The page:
“Aberrantry” by H.R. Barbor


Go forth, my song's antithesis,

Make a loud claim, acclaim your claim

Beyond the Word's periphrasis.

Perchance unwisdom, sensing this,

Shall turn again Whittington-wise

And, with indefinite surmise

Born of impertinence, find tame

Toys modelled of logic and of sense—

Mechanic toys that toy with sense

As with a painted cocoanut

Carved to the feature of its butt.

Pay her no homage. She'd reject

Homage, homage came of age

And struts and fawns and apes a rage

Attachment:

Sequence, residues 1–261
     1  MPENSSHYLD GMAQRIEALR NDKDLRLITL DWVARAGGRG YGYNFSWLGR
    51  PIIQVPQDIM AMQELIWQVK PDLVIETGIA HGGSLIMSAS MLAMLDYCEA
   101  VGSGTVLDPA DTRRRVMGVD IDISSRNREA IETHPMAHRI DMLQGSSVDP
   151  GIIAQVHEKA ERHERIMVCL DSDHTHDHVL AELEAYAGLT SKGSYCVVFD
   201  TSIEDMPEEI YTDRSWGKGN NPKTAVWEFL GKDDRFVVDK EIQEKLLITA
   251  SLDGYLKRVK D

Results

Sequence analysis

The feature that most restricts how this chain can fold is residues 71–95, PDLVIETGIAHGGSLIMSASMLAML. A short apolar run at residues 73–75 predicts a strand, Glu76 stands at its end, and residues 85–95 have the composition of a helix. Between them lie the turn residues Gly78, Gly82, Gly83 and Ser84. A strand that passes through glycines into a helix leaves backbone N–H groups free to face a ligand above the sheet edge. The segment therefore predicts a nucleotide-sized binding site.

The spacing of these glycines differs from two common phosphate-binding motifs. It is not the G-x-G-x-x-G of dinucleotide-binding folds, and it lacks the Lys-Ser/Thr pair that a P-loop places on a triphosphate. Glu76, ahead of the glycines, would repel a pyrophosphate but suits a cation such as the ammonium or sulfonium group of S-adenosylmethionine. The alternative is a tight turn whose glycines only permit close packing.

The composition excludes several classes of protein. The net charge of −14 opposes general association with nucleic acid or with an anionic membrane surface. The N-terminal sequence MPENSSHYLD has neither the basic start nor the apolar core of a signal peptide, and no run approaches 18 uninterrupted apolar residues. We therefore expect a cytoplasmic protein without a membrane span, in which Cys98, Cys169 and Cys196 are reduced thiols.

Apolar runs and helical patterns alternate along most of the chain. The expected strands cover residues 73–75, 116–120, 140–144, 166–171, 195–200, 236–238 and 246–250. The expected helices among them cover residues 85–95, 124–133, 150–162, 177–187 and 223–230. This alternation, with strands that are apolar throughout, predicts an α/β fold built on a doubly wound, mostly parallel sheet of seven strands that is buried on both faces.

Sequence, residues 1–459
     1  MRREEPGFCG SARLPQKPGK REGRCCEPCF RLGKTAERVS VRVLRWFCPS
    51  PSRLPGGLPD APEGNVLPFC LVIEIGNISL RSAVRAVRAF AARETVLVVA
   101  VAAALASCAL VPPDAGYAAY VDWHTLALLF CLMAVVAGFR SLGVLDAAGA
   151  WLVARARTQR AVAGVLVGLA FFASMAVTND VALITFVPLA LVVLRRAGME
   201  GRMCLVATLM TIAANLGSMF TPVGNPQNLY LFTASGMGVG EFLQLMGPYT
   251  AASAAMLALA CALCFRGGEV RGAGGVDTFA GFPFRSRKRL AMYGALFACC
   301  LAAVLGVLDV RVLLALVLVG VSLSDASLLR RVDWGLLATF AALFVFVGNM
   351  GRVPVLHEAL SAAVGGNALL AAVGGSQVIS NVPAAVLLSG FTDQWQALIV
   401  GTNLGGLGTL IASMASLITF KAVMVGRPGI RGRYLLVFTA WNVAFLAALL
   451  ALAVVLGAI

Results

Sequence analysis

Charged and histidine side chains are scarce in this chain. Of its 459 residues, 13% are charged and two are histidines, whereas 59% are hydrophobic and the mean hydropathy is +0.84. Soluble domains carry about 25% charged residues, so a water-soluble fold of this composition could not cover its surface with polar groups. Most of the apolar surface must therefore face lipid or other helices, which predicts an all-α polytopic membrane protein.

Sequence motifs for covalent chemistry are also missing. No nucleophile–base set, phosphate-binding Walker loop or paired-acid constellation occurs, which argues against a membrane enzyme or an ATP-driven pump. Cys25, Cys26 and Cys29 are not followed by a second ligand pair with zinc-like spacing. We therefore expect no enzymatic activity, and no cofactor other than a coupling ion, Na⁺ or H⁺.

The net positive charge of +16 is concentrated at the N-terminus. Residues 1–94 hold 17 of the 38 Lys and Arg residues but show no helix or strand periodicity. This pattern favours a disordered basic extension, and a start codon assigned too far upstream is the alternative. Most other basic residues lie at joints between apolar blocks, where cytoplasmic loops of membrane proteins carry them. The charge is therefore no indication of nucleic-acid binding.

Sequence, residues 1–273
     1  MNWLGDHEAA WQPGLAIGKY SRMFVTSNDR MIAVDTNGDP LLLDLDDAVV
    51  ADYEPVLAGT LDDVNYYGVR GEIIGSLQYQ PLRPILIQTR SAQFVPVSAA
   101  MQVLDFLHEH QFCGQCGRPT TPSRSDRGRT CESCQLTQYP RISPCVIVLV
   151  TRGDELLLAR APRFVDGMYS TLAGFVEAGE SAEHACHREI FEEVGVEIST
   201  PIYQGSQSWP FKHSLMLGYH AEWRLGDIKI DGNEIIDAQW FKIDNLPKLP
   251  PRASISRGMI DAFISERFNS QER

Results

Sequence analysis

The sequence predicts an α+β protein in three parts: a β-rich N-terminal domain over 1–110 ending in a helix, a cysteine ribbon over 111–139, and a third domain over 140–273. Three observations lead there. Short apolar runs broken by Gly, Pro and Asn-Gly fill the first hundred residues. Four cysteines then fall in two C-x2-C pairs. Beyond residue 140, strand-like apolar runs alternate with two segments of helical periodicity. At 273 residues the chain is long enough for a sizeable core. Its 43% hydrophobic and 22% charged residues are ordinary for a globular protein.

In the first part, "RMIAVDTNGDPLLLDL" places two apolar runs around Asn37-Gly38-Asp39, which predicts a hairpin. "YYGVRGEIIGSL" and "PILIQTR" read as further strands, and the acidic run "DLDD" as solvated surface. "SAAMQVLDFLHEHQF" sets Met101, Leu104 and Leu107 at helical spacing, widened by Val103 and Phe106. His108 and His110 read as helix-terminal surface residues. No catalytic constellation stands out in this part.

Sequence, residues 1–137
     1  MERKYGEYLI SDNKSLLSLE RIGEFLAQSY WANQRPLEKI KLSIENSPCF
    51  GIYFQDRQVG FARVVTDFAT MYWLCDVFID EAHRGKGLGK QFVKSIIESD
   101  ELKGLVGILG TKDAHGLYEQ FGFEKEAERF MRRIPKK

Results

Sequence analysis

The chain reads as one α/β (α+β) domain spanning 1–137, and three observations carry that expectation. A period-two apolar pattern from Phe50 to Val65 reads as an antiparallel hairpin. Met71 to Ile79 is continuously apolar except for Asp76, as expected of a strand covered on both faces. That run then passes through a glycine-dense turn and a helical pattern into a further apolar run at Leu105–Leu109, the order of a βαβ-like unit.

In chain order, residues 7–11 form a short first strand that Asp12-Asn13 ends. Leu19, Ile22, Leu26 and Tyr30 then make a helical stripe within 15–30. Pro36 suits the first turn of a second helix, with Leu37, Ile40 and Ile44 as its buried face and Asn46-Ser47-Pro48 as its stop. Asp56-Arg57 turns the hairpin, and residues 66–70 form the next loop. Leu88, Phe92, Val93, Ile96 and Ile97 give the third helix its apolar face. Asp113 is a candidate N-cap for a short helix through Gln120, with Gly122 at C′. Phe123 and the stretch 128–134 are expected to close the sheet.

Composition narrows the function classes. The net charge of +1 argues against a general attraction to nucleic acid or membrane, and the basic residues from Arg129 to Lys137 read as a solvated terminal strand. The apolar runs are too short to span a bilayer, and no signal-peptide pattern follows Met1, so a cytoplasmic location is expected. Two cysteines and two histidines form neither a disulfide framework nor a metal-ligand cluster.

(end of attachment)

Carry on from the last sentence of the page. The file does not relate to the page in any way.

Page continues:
That simian prototypes affect.


Nor ask what you would have. She turns

Grief to a grin and grins to growls,

Twirling the whirligig bright prism,

And while Sir Malkin throatily howls :

" Mi-aw, Mi-aw, my own adored,"

Trolling his pussy-catechism,

He far outleaps the solecism


[ . . . ]


H.R. Barbor's poem "Aberrantry" was published in 1921 in the sixth cycle of the Wheels anthology. To read the poem in full in a digitized version of this publication, follow the link(s) below:


Librivox Audio Recording (Hosted on Archive.org)

The Modernist Journals Project